Presently preferred high viscosity bonding resin monomers according to the present invention include the diglycidyl methacrylate adduct of Bisphenol A (Bis-GMA), dipentaerythritol pentaacrylate (DPEPA), pentaerythritol dimethacrylate (PEDM), urethane dimethacrylate (UDMA) and mixtures of one or more of these or other high viscosity adhesive monomers containing reactive vinyl (C═C) groups. Such high viscosity monomers are useful in preparing combined primer/bonding-resin solutions according to the present invention which possess sufficient viscosity such that they can be applied in one or a relatively few number of coats and achieve a uniform thin coating of the dental substrate, while providing high bonding strengths between the dental substrate and the restorative material or dental component.
Presently preferred concentrations of the aforementioned high viscosity adhesive monomer resins are from about 0.5 wt. % to about 50 wt. %, more preferably from about 1 wt. % to about 30 wt. %, and presently more preferably from about 5 wt. % to about 15 wt. % of the total solution. The amount of such high viscosity monomers is preferably selected such that the overall primer/bonding-resin solution has sufficient viscosity to be applied in a relatively few number of coats to achieve a uniform thin layer on the dental substrate, i.e. preferably three or less coats, and more preferably one or two coats. The amount of such high viscosity primer is also selected by also considering the amount of solvent, hydrophilic monomer and low viscosity reactive monomer so as to also permit penetration of the primer/bonding-resin solution into the dental substrate. Preferably, the total resin content of compositions of the present invention are from about 2 wt. % to about 70 or 80 wt. % of the total solution, the remainder comprising one or more of the aforementioned preferred solvents and photo-initiator systems identified below.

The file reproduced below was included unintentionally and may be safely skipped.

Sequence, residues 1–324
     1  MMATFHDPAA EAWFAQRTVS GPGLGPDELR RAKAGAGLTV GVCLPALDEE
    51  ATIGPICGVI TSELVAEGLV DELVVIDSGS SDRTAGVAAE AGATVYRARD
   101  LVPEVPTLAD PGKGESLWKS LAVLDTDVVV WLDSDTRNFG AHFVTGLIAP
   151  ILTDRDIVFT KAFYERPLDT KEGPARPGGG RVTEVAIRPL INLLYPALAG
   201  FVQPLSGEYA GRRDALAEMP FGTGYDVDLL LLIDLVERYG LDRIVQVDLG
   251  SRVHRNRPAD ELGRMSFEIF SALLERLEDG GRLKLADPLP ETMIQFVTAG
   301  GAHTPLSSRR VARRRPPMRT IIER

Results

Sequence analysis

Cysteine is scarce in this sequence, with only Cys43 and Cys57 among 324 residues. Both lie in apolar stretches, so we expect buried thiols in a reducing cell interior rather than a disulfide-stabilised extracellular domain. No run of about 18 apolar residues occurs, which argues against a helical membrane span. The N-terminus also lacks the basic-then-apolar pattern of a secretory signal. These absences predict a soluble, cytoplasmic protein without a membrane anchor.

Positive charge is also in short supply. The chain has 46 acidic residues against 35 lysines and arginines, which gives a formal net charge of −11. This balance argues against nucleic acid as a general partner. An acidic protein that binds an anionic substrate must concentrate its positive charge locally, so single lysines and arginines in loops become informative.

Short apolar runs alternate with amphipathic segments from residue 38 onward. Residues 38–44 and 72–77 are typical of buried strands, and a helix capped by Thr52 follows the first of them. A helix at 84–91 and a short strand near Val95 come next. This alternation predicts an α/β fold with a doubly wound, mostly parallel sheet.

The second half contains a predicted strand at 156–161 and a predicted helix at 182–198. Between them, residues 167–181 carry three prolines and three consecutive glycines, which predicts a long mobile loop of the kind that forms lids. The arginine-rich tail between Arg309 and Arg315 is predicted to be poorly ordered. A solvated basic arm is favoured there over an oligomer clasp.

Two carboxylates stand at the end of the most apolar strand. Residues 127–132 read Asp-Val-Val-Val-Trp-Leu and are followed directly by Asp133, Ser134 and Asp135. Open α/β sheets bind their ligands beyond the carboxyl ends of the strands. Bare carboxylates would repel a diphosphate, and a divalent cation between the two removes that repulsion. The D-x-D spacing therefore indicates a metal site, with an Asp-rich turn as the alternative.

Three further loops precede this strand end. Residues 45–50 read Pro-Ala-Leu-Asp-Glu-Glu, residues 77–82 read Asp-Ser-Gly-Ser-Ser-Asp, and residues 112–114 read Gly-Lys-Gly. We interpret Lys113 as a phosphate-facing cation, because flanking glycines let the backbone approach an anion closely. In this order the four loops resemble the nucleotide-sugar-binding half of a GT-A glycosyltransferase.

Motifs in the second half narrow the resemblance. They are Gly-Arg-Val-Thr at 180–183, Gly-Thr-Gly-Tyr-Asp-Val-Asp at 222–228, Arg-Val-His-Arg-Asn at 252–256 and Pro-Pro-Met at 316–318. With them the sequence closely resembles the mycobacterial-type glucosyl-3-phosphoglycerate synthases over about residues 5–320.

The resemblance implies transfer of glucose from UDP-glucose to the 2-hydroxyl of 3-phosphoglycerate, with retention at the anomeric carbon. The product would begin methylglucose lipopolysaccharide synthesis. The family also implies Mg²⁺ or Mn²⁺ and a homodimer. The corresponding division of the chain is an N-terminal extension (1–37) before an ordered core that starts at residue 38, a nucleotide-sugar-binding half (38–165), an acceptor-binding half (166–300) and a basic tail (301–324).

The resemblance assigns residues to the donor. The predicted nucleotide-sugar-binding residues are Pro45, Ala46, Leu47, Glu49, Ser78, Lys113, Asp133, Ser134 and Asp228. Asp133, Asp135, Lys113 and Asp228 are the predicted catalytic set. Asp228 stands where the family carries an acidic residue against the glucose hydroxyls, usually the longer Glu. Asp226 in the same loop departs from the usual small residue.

Presently preferred low viscosity reactive diluent monomers according to the present invention include 2-HEMA, glycerol monomethacrylate (GM) and hydroxypropyl methacrylate (HPMA) and other monomers containing one or more functional hydroxy groups and reactive vinyl groups. The low viscosity monomers are preferably present in the composition in from about 0.5 wt. % to about 50 wt. %, more preferably from about 1 wt. % to about 30 wt. %, and presently most preferably from about 5 wt. % to about 25 wt. % of the total composition. As indicated below, the preferred concentration of such low viscosity monomers depends in part on the particular high viscosity adhesive monomer selected for use in the invention, as well as the amount of hydrophilic monomer and solvents used in the composition. The low viscosity monomers of the present invention, together with the other components of the system, are preferably intended to promote penetration of the primer/bonding-resin composition into the openings created by abrading or decalcifying (etching) tooth dentin and/or enamel or other substrates to assist in formation of strong adherence between the primer/bonding-resin and the dental substrate.